Jasper isn’t human anymore. No one can tell exactly what was done to him by the scientists who captured him, but he’s stronger, faster, and a freaking mess.
Frazer is the best person to help Jasper deal with his new reality. He was in Jasper’s place once, and now he’s a council assassin. They’re both human, yet not, and Frazer understands what that’s like. The fact that he’s attracted to Jasper and wants to climb him like a tree doesn’t have anything to do with it.
Really, it doesn’t.
Jasper has to face the reality of what having shifter DNA means, especially when he realizes there’s a good reason he’s so drawn to Frazer. Wrapping his mind around the fact that they’re mates is the easy part. The hard one is dealing with his new abilities.
And with the man calling himself a mutant who’s outing the labs to the country and trying to pull Jasper into a fight he doesn’t want anything to do with.
Jasper didn’t bolt out of the door, because it would have been overly dramatic, but he was sitting on the edge of the mattress of what had been his bed since he’d arrived at the warehouse, listening to Rocco tell him it would take some time for him to get used to his new body.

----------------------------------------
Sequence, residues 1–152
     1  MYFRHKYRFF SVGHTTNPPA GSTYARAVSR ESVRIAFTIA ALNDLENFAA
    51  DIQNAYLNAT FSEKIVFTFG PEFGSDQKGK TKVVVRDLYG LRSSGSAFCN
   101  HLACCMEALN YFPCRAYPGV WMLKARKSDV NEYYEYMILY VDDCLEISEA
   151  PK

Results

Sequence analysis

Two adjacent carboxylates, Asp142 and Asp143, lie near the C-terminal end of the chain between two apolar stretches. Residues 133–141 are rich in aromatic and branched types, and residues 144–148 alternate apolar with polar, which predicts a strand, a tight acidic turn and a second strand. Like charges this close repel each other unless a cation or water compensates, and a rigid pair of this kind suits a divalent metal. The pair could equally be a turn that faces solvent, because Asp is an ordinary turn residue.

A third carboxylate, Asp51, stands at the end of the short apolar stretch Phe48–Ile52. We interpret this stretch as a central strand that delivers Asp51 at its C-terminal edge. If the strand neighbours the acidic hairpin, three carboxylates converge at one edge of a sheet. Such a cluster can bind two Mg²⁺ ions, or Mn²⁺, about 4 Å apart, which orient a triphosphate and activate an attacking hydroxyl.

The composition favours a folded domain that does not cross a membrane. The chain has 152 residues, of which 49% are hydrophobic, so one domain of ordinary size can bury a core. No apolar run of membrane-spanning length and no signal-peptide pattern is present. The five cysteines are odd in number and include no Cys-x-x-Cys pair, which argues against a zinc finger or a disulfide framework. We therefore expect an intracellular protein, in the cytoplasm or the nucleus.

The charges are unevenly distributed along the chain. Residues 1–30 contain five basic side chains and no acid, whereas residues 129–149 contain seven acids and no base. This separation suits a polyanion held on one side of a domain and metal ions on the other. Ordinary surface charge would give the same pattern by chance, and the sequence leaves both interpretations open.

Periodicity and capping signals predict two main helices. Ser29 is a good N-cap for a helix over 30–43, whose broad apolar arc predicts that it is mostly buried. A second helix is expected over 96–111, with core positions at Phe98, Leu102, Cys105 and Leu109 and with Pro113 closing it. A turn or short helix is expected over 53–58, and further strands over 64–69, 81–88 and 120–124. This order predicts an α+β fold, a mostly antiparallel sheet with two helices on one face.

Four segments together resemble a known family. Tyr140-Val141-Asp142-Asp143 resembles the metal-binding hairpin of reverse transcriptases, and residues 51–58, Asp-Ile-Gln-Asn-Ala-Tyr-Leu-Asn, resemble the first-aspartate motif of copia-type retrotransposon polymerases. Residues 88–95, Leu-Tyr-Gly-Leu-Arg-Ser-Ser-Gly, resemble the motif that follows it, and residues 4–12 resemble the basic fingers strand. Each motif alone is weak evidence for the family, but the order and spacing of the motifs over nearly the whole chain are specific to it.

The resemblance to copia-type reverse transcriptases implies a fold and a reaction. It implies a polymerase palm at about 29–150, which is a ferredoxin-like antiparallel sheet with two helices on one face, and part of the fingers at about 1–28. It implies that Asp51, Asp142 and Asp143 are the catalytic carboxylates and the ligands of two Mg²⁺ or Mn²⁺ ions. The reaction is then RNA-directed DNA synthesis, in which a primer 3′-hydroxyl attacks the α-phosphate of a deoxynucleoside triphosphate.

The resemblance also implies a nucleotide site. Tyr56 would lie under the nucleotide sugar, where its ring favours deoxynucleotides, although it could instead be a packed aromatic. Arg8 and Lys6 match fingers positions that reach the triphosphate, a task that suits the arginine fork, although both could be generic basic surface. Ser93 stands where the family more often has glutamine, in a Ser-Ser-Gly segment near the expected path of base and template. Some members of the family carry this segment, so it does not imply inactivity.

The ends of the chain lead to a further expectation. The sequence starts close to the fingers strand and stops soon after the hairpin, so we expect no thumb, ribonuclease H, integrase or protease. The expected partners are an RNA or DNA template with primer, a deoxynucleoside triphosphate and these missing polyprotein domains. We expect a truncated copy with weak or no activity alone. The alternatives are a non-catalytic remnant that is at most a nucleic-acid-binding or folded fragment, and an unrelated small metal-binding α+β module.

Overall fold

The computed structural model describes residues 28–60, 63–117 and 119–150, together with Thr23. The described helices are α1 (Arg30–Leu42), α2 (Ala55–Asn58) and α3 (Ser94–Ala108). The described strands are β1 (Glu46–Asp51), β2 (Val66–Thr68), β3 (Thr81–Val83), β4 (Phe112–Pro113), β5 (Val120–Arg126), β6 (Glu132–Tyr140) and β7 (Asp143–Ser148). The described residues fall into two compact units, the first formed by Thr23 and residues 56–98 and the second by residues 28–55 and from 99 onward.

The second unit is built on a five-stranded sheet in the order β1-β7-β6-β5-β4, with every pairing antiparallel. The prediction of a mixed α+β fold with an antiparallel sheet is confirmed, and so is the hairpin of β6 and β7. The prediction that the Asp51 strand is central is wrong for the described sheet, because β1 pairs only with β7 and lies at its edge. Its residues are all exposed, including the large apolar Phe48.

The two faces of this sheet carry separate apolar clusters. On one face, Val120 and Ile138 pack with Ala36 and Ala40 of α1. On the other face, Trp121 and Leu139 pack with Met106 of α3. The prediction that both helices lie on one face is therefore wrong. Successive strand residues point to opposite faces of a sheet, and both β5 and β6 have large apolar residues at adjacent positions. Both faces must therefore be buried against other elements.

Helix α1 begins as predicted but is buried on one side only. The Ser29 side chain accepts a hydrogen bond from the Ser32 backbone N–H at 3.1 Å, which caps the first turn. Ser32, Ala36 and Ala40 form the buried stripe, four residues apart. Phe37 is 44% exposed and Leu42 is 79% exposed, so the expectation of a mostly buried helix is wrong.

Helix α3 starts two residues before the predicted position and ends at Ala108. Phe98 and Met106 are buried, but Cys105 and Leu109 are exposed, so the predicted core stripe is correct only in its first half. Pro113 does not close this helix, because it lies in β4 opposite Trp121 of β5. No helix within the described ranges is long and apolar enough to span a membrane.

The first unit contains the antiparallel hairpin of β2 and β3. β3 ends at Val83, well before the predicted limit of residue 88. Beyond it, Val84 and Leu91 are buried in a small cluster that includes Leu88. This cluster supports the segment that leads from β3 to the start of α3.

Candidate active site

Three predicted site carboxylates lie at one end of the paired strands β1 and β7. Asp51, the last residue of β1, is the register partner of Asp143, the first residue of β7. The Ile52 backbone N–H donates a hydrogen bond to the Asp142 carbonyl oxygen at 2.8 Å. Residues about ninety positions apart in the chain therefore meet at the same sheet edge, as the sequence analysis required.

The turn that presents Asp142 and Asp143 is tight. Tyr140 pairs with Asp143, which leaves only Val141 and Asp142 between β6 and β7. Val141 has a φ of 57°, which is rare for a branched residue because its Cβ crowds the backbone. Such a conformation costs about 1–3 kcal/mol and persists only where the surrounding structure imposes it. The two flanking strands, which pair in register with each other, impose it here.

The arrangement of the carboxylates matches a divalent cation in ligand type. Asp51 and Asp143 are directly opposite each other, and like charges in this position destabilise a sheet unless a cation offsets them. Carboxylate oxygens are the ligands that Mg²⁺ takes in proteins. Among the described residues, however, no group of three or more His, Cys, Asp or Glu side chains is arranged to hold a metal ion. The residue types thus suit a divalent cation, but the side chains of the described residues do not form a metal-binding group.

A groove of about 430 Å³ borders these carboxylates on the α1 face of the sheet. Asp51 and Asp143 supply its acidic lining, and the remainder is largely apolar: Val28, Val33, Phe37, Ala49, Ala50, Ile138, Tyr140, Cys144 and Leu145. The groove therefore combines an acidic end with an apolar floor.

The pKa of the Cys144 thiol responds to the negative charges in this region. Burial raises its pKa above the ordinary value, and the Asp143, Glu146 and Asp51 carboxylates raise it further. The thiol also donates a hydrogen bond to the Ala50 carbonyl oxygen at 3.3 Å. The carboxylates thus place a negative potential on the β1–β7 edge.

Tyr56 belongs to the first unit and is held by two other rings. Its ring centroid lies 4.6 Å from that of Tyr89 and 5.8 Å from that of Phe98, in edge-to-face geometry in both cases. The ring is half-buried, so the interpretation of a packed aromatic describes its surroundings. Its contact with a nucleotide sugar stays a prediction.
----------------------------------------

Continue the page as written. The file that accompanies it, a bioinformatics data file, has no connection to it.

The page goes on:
“And remember that you can come down here anytime you want or need,” Rocco said.
Jasper exchanged an amused glance with Preston, his best friend. Rocco had told him he could come back to the infirmary anytime he wanted at least a dozen times over the past few days. Jasper wondered if Rocco felt like he’d be an empty nester soon, as if his only kid was leaving for college. That would explain why he was behaving this way, but then he’d been protective of Jasper ever since he’d arrived at the warehouse.
It was understandable. Jasper had been human only a few months ago, until he’d been taken and experimented on. The world thought the labs had been closed, and that shifters and humans alike were free to live the life they wanted, but Jasper knew the truth, and he’d felt it on his own skin.
There would always be bad guys, and they weren’t very creative.